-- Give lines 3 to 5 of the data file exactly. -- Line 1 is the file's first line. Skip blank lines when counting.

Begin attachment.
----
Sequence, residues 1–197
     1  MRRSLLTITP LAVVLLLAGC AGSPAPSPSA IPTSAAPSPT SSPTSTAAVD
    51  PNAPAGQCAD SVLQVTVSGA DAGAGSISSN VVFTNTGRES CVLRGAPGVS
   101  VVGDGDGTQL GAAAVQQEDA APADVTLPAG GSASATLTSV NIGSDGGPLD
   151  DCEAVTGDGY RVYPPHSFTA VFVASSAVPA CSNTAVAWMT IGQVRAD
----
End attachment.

    51  PNAPAGQCAD SVLQVTVSGA DAGAGSISSN VVFTNTGRES CVLRGAPGVS
   101  VVGDGDGTQL GAAAVQQEDA APADVTLPAG GSASATLTSV NIGSDGGPLD
   151  DCEAVTGDGY RVYPPHSFTA VFVASSAVPA CSNTAVAWMT IGQVRAD